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  • Main Canopy Other
    7-panel TU
  • Reserve Canopy Other
    26 ft conical

Jump Profile

  • Home DZ
    Midway Texas
  • License
  • License Number
  • Licensing Organization
  • Number of Jumps
  • Years in Sport
  • First Choice Discipline
    Style and Accuracy

Ratings and Rigging

  • Rigging Back
    Senior Rigger
  • Rigging Chest
    Senior Rigger
  • Rigging Seat
    Senior Rigger

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  1. Stevie had a pair of master parachute wings made for Gus that had three diamonds rather than stars for his combat jumps. I'm not sure which ones he made.
  2. I didn't think Gus was with George when he took Ed's body and dumped it into Galveston Bay. I do know Ed's wife approved of it. Cy Stapleton D404
  3. It certainly was not Ticer. I stayed as far away from that thug as possible. Cy Stapleton [email protected]
  4. I jumped with several of them and I'm still waking up on top of the dirt. In the early 1960s I was as old or older than many of them, so I suspect some of them still are. Cy Stapleton [email protected]
  5. Very interesting thread. I started in the late 1950s but never experienced what you fellows experienced in the early years. Had we attempted to jump that gear the ASO would have grounded us. Almost all of you have far more jumps than I, but even those who started much earlier than I have higher "D" numbers. I delayed applying for my D for six to nine months and mine should have been several hundred lower than it is. In the early 1960s we had a few that had a lot of jumps - Gus Anagnostis, Clyde Jacks, Carlos Wallace, etc. but most of us only had a few hundred at most. We were more than just impressed when those like Dick Fortenberry and Stan Janeka visited our DZ. Cy Stapleton [email protected]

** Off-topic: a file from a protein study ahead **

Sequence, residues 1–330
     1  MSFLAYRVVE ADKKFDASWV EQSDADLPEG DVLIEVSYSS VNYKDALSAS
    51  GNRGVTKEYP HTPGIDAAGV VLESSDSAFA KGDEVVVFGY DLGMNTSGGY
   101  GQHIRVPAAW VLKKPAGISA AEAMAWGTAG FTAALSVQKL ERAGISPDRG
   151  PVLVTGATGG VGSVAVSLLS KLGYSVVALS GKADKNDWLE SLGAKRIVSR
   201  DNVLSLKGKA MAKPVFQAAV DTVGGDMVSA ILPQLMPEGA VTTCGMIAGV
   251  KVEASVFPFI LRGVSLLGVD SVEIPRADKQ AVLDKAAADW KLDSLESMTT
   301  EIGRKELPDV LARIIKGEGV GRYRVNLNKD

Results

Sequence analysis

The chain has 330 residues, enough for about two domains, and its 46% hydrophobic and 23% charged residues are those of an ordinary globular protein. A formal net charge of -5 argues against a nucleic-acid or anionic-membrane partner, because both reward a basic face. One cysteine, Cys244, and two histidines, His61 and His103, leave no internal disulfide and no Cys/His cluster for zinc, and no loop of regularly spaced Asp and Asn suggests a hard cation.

6. Does anyone remember the Miss Skydiver beauty pageant and meet in Houston. The general manager of the Sheraton Lincoln hotel was named Don Cork. I'm not sure how Don got interested in skydiving, but he did and he entertained jumpers royally. Don asked that I put together a meet and a Miss Skydiver beauty pageant. We had an amazing number of Houston beauties enter the beauty contest, but not a one was a jumper. The gal who won was the previous year's Miss Houston. Don't recall her name. Don provided the trophies for both the beauty contest and the meet, and were they ever trophies. They were huge in size and in number. Don preferred men to women and his live-in at that time was Bill Nicholson, a jumper who a short time later creamed in after a cutaway and failure to deploy reserve. Bill gave Don ideas for every type of trophy imaginable - even things like best rigger, longest distance to target, and one for me that was engraved "World's best meet director." I've still got that one in the attic with a few others that other jumpers lost. I didn't do anything but put the meet together and then jump. I may have picked the judges but don't remember that. The meet was well attended with participants from many other clubs. After the meet all were invited back to the Sheraton Lincoln for a gourmet dinner and free drinks for the evening. A lot of folks showed up for that event. I don't recall anything special about the event other than it was fun - not much different from a normal weekend at Waller, Midway, or where ever it was held. One good thing to come out of it was that the beauty pageant winner got a free trip to Neuva Laredo on one of my singles party bus trips and she asked if I would be her date. Nicholson, by the way, was not gay. He told us the reason he took Don up on his offer was because of free room and board, all the drinks he could handle, more cash than he made an installer at Chuck Warwick's (another jumper) Houston Auto Glass, and the opportunity to meet and socialize with all of the entertainers and other dignitaries who came to Houston. I think Don replaced Bill before Bill creamed in. Don was killed a year or so later in a motel room somewhere outside of Houston. As far as I know that murder was never solved. Those of you who knew Don know that if he considered you a friend, you were treated like a king, whether you were one of his concubines or not. He was on the corporate board of directors and had an ownership in the company. He had bottomless pockets and loved to spend it on friends. There were many other meets back then but this is the only one which I can recall most of the details Cy Stapleton [email protected]